After years of golfing, my game has improved vastly; as they say, “practice makes perfect”. I have tightened up on my approach play and improved my long game with many practices.
To cut a long story short, I played a round with the guys before work the other day, like we do every week. Well, I was up by three shots on the back nine, but as I approached the green to putt in for a birdie, I felt a shot of pain in my right wrist.
I brushed it off as maybe a sprain but struggled to finish off the round. Well, it’s been a couple of weeks, and not only is my wrist hurting when I play golf, but it is happening whenever I use it now. I’m at my wit’s end; please help!!!
What is going on here?
Well, all signs point to De Quervain’s Tenosynovitis, a condition that affects over 200,000 people in the United States every year. The disease is caused by the wrist and thumb’s repetitive movements, like twisting the wrist in a drive or while making a putt.
As you move repeatedly, it causes inflammation of the tendon sheath, which causes pain every time the thumb or wrist is moved. People who play golf suffer from De Quervain’s disease because of the wrists’ repetitive turning as they play.
However, playing golf is not the only activity that is known to cause De Quervain’s Tenosynovitis.
What causes De Quervain’s Tenosynovitis?
As mentioned earlier, the condition is caused by repetitive movements of the wrist or thumb. Repeating simple activities like carrying groceries or typing on a keyboard is known to cause the swelling of the tendon sheath resulting in De Quervain’s Tenosynovitis developing.
The condition is also known as Mother’s Wrist or Mummy Thumb; this is because mothers of young children are very prone to the infection. The act of lifting up and putting down their children causes the disease to develop.
It has been proven that the condition develops in mother’s when they have to place children in a crib or high chair.
De Quervain’s Tenosynovitis is also referred to as Gamers Wrist; this is because the condition is common in people who play video games regularly.
The movement of the thumbs when using the video game controller can cause the disease to develop. People who wash clothes by hand on a washboard are also prone to the condition; it is known as Washerwoman’s Sprain for this reason.
Another name for the disease is Texting Thumb or BlackBerry Thumb; this is because the movement used when sending text messages, playing games, or browsing the internet on a cell phone can trigger the condition.
How do you treat De Quervain’s Tenosynovitis?
There are several options for De Quervain’s Tenosynovitis treatment. The best treatment is to give the wrist and thumb a break from the repetitive motion. The problem is that just stopping is not an option for everyone.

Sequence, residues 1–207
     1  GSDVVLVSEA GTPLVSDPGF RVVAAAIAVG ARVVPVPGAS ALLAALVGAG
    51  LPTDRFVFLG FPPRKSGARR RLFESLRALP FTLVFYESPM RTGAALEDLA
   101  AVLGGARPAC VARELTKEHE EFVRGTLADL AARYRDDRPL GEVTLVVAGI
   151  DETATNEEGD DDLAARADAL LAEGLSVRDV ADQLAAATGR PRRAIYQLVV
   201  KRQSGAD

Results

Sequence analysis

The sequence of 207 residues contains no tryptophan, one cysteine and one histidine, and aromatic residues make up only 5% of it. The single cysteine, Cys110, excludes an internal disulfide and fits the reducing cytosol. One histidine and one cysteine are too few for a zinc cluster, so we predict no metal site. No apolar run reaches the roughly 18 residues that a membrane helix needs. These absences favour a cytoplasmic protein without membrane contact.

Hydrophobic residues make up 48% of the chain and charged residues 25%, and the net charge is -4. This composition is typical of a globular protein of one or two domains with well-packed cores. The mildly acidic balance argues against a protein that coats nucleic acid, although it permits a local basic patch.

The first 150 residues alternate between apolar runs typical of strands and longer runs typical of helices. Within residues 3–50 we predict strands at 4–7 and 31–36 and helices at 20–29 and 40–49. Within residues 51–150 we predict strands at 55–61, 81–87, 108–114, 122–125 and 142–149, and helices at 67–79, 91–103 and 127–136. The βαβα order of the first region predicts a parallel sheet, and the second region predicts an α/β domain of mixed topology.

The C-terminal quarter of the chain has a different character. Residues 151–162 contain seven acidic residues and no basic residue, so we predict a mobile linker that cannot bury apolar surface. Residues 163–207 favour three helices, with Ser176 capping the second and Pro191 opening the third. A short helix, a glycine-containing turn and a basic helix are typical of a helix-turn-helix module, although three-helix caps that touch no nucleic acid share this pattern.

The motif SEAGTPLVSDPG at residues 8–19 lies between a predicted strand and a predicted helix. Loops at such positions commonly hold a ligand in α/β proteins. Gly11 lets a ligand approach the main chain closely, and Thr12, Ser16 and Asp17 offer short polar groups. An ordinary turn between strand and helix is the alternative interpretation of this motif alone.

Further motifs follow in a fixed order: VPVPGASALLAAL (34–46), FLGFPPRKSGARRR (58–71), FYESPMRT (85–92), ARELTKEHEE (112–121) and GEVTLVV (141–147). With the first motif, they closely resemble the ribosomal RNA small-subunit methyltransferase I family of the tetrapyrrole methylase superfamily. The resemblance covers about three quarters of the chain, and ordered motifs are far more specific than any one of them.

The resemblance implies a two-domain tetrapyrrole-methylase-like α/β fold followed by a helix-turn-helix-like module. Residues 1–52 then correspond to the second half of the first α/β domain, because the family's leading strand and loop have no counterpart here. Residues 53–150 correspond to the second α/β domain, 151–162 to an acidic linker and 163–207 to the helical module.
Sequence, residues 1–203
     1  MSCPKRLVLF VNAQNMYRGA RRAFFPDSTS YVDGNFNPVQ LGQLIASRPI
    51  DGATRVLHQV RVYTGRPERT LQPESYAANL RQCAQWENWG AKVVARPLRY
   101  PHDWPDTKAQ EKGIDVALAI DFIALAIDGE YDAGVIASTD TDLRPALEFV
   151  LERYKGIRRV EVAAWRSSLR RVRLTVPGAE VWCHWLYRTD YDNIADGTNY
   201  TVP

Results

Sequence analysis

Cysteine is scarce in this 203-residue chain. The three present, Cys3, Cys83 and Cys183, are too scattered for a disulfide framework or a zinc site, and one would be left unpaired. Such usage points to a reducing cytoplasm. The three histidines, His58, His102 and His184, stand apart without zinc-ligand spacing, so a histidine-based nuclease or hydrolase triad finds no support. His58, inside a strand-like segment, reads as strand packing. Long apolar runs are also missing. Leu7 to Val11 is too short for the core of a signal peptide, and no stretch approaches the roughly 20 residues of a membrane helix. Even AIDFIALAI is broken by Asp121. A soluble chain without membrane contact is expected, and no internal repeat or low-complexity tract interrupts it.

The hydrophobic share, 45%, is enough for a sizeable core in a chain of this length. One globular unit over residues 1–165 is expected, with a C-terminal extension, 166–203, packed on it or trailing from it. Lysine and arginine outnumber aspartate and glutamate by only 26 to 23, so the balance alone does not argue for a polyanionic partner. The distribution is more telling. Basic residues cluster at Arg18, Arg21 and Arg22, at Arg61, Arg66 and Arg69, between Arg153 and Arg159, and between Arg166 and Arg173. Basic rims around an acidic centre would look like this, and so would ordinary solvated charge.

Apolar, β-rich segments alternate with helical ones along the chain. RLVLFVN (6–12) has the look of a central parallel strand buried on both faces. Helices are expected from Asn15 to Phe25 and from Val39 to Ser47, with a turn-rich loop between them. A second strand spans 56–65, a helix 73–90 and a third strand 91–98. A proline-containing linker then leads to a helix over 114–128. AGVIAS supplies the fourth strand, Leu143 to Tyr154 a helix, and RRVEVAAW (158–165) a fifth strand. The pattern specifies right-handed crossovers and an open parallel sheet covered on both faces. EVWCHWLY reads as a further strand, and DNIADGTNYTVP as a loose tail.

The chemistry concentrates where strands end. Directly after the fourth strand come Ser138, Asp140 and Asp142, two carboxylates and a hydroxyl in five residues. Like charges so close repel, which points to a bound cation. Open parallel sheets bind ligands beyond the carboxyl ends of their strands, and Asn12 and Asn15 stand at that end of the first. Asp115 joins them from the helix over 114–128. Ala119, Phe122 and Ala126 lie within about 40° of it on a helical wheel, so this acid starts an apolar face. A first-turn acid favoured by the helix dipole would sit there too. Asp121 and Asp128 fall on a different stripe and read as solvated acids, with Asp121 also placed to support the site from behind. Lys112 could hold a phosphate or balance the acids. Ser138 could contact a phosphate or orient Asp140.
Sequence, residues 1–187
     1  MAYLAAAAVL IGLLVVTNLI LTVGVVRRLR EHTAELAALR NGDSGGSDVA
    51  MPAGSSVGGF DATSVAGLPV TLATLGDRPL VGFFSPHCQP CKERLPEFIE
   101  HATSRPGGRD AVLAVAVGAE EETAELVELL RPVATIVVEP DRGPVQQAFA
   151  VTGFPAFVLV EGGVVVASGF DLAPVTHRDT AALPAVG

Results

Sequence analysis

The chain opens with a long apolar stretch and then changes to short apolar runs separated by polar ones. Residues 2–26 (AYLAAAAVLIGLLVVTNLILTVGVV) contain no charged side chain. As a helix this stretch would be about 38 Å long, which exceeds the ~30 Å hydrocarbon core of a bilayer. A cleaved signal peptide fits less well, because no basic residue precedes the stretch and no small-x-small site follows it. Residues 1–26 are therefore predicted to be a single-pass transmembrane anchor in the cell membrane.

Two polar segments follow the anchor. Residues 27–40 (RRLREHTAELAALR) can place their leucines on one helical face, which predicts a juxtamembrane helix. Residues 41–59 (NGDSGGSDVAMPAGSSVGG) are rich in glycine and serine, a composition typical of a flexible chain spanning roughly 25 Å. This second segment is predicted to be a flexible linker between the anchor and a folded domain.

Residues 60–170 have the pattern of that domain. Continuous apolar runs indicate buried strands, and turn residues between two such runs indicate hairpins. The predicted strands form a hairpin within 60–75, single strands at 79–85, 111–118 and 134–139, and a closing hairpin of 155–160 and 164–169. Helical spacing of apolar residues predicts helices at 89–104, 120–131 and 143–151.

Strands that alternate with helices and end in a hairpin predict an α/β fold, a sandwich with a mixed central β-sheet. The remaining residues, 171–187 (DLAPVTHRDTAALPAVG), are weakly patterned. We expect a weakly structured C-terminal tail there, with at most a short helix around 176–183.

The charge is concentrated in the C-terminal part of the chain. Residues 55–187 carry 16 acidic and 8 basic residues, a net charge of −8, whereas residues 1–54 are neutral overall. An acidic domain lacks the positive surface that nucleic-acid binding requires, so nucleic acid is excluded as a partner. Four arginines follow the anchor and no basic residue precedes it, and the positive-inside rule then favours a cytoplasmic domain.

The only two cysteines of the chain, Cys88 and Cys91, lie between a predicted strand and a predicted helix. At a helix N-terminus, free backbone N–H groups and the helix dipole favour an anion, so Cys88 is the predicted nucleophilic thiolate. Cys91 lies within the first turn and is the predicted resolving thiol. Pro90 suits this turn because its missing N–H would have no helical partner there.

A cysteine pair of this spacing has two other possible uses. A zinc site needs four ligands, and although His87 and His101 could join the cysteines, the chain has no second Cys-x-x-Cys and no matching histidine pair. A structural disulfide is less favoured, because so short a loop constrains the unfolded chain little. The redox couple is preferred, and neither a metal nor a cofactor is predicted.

A young mum can’t just stop picking up her child, a receptionist can’t stop typing, and a chef can’t stop chopping vegetables. So what can they do?
Doctors often recommend the use of a splint or brace. These will prevent movement and help reduce inflammation; however, splints and braces are cumbersome and make activities challenging to carry out.
A splint can also cause pain in the wrist as it puts pressure on the tendon in the wrist. Definitely not ideal for everyone.
A steroid injection is also used to treat De Quervain’s Tenosynovitis; this will reduce inflammation and give relief from pain. The steroid injection has some potential risks; these include nerve or tendon damage, pain at the injection site, irritation, and excessive bleeding.
There are also several side effects of steroids like heightened blood pressure and mood swings to be wary of. Steroid injections are usually a temporary solution for De Quervains disease sufferers and will be used sparingly by doctors.
The best De Quervains Tenosynovitis treatment available on the market is the De Quervains wand. When coupled with the De Quervains jelly, the De Quervains wand will work in healing the issue at its source.
By using the far-infrared and ultrasound, the wand will penetrate the wrist, providing relief from the symptoms associated with the condition. The wand is perfect for priming the wrist for the use of the De Quervains tape.
The De Quervains tape is applied to the wrist over the thumb’s top to stabilize them and prevent movement. Unlike a splint or brace, the tape is not cumbersome and allows for activities.
What makes the De Quervains tape ideal is that the tape is waterproof and lightweight, so it can be worn all day without being irritating. All of these items can be found at dequervainscure.com.